Image for MONA: Four  very different perspectives

Mona the museum of old and new art ... by Duncan Giblin

Rather than try to review individual works or even identify them all. I will try to explain my Mona experience from a punters perspective.

When I headed the Mona catacombs today (Saturday), first thing to hit me was the surreal vastness, then quite quickly I started to see the museum is an installation in itself.

I was completely blown away by the atmospherics created by very precise planning. The design works so well, there is incredible continuity, a sense of awe and anticipation, which does not leave until you do. People who were mesmerised by the experience became works of art themselves. I was having sensory overload but it was being managed by someone else’s design so it felt safe to continue.

Allthough at times I was thinking you could really lose it down here; I was drawn from one chamber to another. Another thing that was also was clearly apparent was that reports from some media that this collection is not just a shock for shock’s sake rich boy showing off, was to my mind unfounded. There were many, many wonderful conceptual pieces that weren’t confrontational at all and amazing artefacts that appeal to David Walsh’s taste. I don’t care whether David’s motivation is Showing off or sharing there is some very clever, very beautiful and very strong work in this museum.

When viewing the more confronting pieces, there were some I liked and some I didn’t. The work that I didn’t like belongs there, as much as the work I do like, this is a private collection being shared with the public. The few pieces I didn’t like is based on my personal belief that a confrontational image alone does not make art and some of these pieces for me lacked good narrative. My dislike is not a moral objection to the work being shown. There always has and always will be debate around the moral line with art and Mona will certainly invigorate this debate.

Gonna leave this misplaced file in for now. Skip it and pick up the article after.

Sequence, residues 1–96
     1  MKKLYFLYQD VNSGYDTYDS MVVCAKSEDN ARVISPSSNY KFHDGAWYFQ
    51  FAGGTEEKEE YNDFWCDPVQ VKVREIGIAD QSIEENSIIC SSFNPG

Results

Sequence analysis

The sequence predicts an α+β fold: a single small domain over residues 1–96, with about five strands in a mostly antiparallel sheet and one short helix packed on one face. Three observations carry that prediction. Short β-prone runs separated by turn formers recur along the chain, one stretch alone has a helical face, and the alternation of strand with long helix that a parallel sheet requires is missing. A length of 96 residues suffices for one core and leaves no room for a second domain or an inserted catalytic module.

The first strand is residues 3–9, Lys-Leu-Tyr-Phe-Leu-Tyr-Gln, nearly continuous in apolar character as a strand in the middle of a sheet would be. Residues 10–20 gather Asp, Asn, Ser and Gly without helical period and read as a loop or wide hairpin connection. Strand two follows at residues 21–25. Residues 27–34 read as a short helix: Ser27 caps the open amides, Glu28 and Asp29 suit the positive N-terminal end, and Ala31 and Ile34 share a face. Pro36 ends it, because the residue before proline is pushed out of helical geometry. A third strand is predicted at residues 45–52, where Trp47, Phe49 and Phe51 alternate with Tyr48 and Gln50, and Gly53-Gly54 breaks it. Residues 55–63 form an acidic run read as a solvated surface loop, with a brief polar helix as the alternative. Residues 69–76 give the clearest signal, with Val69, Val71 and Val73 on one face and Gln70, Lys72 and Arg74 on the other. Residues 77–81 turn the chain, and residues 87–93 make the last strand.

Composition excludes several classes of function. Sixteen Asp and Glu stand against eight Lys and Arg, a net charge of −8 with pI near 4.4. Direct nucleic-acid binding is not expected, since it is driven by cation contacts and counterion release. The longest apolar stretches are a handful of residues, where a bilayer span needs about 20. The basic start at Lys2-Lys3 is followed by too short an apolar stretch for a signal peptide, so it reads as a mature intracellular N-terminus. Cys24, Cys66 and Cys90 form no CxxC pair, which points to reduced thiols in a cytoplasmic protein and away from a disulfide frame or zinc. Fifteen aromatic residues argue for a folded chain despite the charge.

The museum is beautifully balanced with visual then sensory works that made the experience a journey disassociating me from the world above, immersing me in the light and dark of the human condition, not just the analytical modern man and our every day neurosis, but the primal monkey. In fact one of the themes I get from some of the more powerful works is that the monkey is never far from the surface, which even if you have no moral objection will be confronting for many.

Mona the museum of old and new art is as worthy a visit as any other art institution in the world. Don’t let the location fool you this is a critical piece of modern culture. The fact that there will be some ugly and emotional confrontations arising from some of the work is a given, the cultural impact and how our community deals with this debate is unknown. I also get the feeling that Mona will continue to grow.